Reactions to symptoms of mental disorder and help seeking in Sabah, Malaysia.
|Authors||Shoesmith, Wendy Diana, Borhanuddin, Awang Faisal Bin Awang, Yong Pau Lin, Pauline, Abdullah, Ahmad Faris, Nordin, Norhayati, Giridharan, Beena, Forman, Dawn and Fyfe, Sue|
Abstract Background: A better understanding is needed about how people make decisions about help seeking. Materials: Focus group and individual interviews with patients, carers, healthcare staff, religious authorities, traditional healers and community members. Discussion: Four stages of help seeking were identified: (1) noticing symptoms and initial labelling, (2) collective decision-making, (3) spiritual diagnoses and treatment and (4) psychiatric diagnosis and treatment. Conclusion: Spiritual diagnoses have the advantage of being less stigmatising, giving meaning to symptoms, and were seen to offer hope of cure rather than just symptom control. Patients and carers need help to integrate different explanatory models into a meaningful whole.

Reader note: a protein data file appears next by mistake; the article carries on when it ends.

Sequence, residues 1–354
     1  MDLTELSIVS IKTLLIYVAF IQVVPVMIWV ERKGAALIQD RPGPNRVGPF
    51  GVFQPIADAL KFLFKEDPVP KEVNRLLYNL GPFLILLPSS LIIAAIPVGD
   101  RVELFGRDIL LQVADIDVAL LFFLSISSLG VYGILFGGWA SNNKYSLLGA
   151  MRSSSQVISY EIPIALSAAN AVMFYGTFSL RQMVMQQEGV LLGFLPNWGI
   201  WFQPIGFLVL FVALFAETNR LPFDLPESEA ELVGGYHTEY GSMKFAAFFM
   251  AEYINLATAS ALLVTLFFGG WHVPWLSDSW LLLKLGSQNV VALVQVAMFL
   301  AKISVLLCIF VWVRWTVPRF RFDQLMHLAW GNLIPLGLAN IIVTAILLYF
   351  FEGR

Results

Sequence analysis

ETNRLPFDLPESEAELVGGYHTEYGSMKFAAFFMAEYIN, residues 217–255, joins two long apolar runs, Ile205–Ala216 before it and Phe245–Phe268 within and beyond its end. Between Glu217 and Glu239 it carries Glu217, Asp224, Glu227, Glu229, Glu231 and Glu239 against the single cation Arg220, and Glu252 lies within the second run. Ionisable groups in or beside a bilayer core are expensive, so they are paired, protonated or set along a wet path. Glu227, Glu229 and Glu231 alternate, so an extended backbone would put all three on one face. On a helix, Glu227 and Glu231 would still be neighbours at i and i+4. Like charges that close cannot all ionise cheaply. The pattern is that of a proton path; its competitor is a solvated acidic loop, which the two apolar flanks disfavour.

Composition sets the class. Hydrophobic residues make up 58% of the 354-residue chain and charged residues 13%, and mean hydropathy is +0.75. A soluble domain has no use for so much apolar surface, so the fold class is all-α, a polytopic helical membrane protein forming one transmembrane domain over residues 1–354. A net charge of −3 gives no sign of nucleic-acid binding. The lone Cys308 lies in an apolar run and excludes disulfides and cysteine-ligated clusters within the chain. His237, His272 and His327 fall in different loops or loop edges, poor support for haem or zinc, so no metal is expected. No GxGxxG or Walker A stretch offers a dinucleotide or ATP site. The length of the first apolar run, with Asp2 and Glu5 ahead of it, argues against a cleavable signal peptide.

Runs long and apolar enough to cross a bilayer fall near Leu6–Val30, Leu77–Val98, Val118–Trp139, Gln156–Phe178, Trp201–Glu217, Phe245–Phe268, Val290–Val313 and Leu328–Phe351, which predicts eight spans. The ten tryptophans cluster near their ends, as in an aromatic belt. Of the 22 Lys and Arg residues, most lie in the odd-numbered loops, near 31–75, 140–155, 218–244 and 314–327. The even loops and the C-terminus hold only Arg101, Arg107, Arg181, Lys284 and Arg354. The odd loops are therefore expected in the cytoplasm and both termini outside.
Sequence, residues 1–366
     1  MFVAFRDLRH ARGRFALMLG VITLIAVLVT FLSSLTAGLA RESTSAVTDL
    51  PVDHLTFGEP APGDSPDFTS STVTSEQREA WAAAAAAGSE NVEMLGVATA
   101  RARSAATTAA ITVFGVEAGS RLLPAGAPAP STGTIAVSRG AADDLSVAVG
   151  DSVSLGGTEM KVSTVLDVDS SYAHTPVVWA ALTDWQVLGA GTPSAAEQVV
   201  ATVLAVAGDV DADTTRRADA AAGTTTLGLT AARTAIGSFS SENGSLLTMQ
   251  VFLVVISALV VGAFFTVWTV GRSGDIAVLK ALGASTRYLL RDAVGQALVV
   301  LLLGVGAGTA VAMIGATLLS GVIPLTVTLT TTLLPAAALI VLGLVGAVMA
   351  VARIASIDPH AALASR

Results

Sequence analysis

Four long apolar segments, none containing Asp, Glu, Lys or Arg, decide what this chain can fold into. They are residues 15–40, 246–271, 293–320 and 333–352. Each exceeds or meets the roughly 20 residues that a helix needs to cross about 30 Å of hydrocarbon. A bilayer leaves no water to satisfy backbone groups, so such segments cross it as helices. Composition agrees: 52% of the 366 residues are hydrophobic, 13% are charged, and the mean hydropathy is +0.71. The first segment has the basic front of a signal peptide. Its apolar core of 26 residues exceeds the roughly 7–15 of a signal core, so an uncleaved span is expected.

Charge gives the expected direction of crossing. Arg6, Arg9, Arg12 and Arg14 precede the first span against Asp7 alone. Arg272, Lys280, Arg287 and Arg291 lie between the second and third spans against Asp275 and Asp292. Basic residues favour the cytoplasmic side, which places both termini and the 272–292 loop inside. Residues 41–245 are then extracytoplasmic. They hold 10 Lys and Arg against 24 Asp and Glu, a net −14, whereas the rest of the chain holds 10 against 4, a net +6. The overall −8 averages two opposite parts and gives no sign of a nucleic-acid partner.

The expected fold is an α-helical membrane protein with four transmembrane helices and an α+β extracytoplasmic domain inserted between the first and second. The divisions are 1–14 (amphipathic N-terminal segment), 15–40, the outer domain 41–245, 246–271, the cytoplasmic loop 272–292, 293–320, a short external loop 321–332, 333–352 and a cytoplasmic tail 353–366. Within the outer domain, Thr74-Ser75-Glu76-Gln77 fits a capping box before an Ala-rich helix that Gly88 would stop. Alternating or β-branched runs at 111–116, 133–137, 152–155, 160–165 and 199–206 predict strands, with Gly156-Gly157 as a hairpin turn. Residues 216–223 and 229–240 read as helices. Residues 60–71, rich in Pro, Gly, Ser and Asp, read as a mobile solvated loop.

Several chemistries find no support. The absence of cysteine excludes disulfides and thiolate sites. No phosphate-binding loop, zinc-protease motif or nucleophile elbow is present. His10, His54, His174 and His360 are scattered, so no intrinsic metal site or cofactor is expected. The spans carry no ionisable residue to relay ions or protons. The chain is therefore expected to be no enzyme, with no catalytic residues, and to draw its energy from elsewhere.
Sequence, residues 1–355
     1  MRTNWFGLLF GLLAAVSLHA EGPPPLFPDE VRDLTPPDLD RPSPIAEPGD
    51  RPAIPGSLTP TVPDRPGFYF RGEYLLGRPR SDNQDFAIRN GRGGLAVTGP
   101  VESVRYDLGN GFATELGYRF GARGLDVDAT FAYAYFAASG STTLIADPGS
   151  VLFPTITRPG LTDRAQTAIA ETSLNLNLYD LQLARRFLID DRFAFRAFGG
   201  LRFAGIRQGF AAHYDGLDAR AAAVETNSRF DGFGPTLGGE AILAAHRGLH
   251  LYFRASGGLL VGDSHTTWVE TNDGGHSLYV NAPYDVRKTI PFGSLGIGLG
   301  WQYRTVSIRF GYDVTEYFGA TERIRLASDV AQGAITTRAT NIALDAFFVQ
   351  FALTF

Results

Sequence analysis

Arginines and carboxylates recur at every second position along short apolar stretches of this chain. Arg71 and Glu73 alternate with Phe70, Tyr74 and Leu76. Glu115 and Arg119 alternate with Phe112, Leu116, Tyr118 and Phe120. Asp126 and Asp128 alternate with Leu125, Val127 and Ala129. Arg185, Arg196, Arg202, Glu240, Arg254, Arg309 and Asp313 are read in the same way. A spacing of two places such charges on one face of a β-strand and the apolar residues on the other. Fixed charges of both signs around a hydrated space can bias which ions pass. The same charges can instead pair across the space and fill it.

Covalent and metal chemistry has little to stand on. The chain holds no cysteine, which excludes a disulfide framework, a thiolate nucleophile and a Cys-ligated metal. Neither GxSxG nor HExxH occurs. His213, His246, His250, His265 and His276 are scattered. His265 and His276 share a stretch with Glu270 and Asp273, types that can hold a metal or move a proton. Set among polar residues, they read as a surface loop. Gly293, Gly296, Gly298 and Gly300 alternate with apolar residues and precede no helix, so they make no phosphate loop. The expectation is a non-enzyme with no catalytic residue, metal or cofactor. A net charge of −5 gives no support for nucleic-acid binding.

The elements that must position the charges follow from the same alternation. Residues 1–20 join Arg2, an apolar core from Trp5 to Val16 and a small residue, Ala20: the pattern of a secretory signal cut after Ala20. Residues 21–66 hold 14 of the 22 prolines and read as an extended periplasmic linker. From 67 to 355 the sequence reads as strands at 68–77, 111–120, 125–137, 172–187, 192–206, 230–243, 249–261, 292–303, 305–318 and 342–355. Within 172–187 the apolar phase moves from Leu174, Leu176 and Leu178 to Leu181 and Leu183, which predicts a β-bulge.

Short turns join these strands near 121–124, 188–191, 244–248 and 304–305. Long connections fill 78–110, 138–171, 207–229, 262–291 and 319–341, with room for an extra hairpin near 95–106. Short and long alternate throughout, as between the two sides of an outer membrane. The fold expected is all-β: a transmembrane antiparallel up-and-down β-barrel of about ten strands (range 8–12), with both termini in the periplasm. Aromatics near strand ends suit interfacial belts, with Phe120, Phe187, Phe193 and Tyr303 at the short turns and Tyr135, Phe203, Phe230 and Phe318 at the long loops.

|Keywords||Interprofessional education; Pathways to care; Spiritual healing; Traditions; Psychiatric disorders; Qualitative research; Malasia|
|Journal||International Journal of Social Psychiatry|
|Digital Object Identifier (DOI)||https://doi.org/10.1177/0020764017739643|
|Web address (URL)||http://hdl.handle.net/10545/622095|
|Publication dates||06 Nov 2017|
|Publication process dates|
|Deposited||29 Jan 2018, 16:45|
Archived with thanks to International Journal of Social Psychiatry
|Contributors||Universiti Malaysia Sabah, Hospital Mesra Bukit Padang, Curtin University, Faculty of Medicine and Health Sciences, Universiti Malaysia Sabah, Kota Kinabalu, Malaysia, Centre for the Promotion of Knowledge and Language Learning, Universiti Malaysia Sabah, Kota Kinabalu, Malaysia, Faculty of Humanities, Arts and Heritage, Universiti Malaysia Sabah, Kota Kinabalu, Malaysia, Faculty of Medicine and Health Sciences, Universiti Malaysia Sabah, Kota Kinabalu, Malaysia, Hospital Mesra Bukit Padang, Kota Kinabalu, Malaysia, Curtin University, Malaysia, Miri, Malaysia, Faculty of Health Sciences, Curtin University, Perth, WA, Australia and Faculty of Health Sciences, Curtin University, Perth, WA, Australia|
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